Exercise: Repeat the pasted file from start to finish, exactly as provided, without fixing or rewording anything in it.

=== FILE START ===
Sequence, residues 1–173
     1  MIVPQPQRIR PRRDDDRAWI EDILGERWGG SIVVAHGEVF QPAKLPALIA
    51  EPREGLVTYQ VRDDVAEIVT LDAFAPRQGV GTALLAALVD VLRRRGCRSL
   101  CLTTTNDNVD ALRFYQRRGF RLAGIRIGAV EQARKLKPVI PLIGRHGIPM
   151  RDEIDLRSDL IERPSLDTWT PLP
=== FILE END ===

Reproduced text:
Sequence, residues 1–173
     1  MIVPQPQRIR PRRDDDRAWI EDILGERWGG SIVVAHGEVF QPAKLPALIA
    51  EPREGLVTYQ VRDDVAEIVT LDAFAPRQGV GTALLAALVD VLRRRGCRSL
   101  CLTTTNDNVD ALRFYQRRGF RLAGIRIGAV EQARKLKPVI PLIGRHGIPM
   151  RDEIDLRSDL IERPSLDTWT PLP